Rent is a rock musical with music and lyrics by Jonathan Larson loosely based on Giacomo Puccini’s opera La bohème. It tells the story of a group of impoverished young artists struggling to survive and create a life in New York City’s East Village in the thriving days of Bohemian Alphabet City, under the shadow of HIV/AIDS. More info here
The generous spirit of Jonathan Larson (1960-1996) certainly was felt in New York's great supper club, Feinstein's/54 Below, the night I went to see The Jonathan Larson Project (which filled the club for a dozen performances in six nights, with different guest-stars each night). It did my soul good to be there. [more]
My own personal favorite moment in the show–and of course this is subjective, simply one person's reaction to what he witnessed–was seeing/hearing Anthony Rapp sing to Menzel that she did not have to love him; they could make a life together work, even without that. The song was unusual, and it was performed to perfection, with Rapp giving a master class in how to act in singing a song, how to interpret lyrics with utter conviction, how to make a song compelling. [more]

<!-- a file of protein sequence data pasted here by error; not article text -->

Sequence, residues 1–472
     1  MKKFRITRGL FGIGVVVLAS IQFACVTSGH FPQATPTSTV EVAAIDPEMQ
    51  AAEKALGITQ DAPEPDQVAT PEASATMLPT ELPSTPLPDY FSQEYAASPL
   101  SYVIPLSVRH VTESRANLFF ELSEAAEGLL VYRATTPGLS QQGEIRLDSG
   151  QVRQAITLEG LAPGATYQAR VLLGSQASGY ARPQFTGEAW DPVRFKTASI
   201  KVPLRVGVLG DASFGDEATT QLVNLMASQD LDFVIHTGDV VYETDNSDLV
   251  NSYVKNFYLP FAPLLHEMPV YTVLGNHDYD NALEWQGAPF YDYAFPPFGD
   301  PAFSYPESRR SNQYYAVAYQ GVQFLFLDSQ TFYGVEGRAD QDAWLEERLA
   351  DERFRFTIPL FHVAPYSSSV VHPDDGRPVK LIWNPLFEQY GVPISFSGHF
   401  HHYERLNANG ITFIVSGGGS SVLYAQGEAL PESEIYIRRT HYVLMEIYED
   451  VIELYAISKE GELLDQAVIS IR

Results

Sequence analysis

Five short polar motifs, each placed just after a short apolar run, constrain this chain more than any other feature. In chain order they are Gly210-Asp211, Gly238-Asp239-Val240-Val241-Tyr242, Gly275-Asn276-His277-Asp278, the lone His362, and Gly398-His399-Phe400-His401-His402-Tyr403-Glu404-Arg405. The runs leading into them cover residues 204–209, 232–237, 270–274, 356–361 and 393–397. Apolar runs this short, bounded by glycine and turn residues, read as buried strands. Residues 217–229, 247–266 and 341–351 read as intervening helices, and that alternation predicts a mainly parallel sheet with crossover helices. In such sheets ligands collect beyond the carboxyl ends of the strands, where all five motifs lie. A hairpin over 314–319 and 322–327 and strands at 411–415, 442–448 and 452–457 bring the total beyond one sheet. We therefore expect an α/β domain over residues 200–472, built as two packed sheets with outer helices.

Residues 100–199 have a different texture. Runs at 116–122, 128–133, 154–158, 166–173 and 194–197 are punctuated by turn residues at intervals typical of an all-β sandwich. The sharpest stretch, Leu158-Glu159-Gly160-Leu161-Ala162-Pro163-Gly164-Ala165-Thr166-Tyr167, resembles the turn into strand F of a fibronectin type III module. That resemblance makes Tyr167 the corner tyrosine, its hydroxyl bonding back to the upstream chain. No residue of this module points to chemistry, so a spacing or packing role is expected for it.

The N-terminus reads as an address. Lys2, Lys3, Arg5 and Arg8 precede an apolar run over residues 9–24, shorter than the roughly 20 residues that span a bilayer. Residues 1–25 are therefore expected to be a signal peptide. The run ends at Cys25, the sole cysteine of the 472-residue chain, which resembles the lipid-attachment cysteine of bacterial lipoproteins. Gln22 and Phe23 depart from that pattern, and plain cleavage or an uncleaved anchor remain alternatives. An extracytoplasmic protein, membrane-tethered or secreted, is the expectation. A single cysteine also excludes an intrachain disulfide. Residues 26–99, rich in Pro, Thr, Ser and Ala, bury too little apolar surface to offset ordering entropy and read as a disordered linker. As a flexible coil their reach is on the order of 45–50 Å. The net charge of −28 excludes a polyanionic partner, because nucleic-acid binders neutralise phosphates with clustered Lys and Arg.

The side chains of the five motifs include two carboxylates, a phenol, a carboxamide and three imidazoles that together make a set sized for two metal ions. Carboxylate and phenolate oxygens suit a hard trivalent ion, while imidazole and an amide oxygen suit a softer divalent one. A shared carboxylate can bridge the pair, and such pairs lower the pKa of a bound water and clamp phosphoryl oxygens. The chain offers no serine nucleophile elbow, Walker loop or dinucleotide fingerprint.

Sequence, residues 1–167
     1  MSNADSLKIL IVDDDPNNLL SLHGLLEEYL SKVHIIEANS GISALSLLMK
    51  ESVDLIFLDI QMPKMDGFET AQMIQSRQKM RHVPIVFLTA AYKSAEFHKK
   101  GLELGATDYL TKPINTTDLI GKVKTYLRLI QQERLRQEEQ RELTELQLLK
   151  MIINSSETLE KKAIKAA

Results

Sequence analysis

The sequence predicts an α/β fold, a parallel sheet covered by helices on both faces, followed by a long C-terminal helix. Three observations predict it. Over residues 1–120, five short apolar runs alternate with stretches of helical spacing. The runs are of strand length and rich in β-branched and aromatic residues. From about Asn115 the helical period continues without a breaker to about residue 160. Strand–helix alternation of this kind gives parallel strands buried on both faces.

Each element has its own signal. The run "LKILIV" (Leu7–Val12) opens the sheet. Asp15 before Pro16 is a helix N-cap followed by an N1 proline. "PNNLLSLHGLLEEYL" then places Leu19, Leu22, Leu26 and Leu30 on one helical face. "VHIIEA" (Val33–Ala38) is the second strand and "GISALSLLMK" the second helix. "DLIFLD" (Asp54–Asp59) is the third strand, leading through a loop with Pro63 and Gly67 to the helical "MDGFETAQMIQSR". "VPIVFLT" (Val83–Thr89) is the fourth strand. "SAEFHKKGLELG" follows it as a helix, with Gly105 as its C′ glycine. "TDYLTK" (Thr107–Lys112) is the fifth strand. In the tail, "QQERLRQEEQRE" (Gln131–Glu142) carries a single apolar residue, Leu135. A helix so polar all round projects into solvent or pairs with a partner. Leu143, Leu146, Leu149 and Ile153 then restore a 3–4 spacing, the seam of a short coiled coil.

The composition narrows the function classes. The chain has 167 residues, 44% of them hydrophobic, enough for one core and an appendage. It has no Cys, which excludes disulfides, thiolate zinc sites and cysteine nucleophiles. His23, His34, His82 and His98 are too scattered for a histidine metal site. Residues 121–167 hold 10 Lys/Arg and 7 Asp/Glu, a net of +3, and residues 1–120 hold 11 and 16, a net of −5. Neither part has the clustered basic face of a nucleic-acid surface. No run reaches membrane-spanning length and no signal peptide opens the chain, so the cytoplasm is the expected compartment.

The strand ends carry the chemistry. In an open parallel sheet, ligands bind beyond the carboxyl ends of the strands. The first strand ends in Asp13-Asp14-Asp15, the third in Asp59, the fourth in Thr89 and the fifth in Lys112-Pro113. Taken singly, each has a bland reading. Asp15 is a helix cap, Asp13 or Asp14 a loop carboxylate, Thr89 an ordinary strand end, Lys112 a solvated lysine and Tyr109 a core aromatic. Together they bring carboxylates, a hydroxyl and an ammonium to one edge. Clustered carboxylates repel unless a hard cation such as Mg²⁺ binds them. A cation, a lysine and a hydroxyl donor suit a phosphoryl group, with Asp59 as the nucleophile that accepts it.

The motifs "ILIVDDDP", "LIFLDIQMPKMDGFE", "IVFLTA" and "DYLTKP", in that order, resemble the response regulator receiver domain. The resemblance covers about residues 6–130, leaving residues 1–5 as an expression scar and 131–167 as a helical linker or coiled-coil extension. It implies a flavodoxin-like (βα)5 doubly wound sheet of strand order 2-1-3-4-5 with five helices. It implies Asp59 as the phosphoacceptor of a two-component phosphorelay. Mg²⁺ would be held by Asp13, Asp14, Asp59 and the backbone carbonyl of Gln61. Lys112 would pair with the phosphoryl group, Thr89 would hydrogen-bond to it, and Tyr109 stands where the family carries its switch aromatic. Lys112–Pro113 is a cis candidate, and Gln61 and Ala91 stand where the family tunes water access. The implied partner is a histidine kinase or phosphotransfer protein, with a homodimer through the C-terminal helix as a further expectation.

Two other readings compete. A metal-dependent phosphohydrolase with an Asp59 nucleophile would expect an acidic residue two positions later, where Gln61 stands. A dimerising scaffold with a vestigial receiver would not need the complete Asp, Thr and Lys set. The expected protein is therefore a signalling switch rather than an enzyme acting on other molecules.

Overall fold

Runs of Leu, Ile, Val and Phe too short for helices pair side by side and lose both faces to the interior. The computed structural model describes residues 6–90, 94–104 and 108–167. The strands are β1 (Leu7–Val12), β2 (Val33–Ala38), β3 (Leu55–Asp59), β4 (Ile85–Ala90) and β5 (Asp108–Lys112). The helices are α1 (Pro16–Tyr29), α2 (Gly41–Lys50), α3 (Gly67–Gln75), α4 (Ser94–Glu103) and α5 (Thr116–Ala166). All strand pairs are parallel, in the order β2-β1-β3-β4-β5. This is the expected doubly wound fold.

The audience packing City Center--whether applauding or laughing or cheering--certainly showed its enthusiasm throughout. The opening scene of "tick, tick...BOOM!" is very powerfully and economically written. I admire Larson's writing. Hearing those ticks (representing the relentless passing of time), and anticipating the coming boom (of an impending disaster that is somehow sensed without being fully understood) ... well, that came from a deep place. [more]
Although its language is no rougher than what you'll hear in Rent or Avenue Q, Spring Awakening may be a tougher journey, especially for young teens. This sometimes downbeat adaptation of a controversial work incorporates a number of uncomfortable topics, including incest, masturbation, teen suicide and abortion.
Warnings aside, let's hope that older teens (who already make up much of the audience), along with Generations X and Y will embrace Spring Awakening the way they did Rent ten years ago. [more]
Even the set is clever: Set designer Anna Louizos' two-dimensional backdrop of rundown townhouses is replete with doors and windows that pop open like the flaps on an Advent calendar, transforming segments of the stage into a disco, an apartment interior, or even the observation deck of the Empire State Building. [more]